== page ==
The thought appeared in Liam's head, but it was not his own - it came from from the tiny dragon perched on the front of his saddle. He laughed and reached forward to scratch between his familiar's wings, rubbing his knuckles along the black scales. The scales were strangely soft, ridged like moire-patterned cloth.
I don't know, Fanuilh, Liam thought, deliberately forming the words in his head and then pushing at them mentally projecting them at the dragon. Maybe there was a ford when they named it. There was certainly no ford now; he could make out a ferry poling away from the town to the far side of the river, and some of the ships looked fairly deep-draughted. Fanuilh snaked its head around on its long neck and peered at him with slit-pupilled eyes.
If there is no ford, they should change the name.
I'll speak to the Duke about it, Liam promised, scratching now at the yellow scales of the dragon's throat and underbelly. Behind them, a jingle of harness and the clop of hooves announced that the Areopagus had caught up to them.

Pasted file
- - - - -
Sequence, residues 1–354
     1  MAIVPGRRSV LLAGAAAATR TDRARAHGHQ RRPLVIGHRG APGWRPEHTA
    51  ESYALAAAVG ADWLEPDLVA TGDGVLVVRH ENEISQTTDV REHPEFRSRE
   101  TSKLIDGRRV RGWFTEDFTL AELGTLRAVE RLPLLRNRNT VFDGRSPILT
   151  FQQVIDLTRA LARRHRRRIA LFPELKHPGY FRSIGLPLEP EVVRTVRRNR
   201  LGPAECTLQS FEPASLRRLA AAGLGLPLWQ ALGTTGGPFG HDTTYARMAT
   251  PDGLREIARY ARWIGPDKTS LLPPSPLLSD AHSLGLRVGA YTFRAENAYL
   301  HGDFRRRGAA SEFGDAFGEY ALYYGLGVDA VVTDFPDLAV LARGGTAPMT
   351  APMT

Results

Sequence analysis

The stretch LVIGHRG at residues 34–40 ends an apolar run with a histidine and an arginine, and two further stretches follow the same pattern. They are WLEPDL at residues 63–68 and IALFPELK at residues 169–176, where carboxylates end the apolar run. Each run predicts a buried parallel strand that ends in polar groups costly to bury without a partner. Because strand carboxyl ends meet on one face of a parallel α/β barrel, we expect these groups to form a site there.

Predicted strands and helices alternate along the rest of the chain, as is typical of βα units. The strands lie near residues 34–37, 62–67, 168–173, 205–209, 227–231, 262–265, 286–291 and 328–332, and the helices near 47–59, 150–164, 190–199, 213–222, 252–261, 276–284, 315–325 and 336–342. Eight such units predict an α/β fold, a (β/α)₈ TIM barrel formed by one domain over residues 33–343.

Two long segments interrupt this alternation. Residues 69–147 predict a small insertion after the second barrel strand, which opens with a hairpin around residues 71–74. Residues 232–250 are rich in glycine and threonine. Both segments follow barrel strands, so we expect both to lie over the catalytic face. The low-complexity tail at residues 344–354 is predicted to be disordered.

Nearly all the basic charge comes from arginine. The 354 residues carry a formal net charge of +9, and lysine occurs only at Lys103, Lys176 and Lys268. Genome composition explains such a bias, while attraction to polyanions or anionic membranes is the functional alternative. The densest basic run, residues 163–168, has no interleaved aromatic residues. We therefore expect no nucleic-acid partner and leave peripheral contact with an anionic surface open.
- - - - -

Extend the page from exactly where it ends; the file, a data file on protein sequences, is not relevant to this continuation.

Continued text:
A trio of Southwark Guards on horseback led the way, talking and laughing amongst themselves; their jokes were at the expense of people further back in the column, a straggle of clerks and servants and packhorses that had only just reached the bottom of the rise, still out of sight of the town.
"Quaestor Provyn's the talk of the courts," one of the Guards said, "for the splendorous contents of his wardrobe."
"His garderobe, more like," a second put in, provoking snickers from his comrades.
"Aye, he's the very cock of the dungheap," the first agreed. "It's the word bruited around the courts. My wife's brother carries wood for their fires, and all he heard these last two days was of how tricked up the quaestor was. They said he was wont to be jealous of his appearance - off to the baths four and sometimes five times in a sevennight - but now he's the clothes to match his pretensions. The next you know, nothing'll do but he wipe his arse with cloth-of-gold!"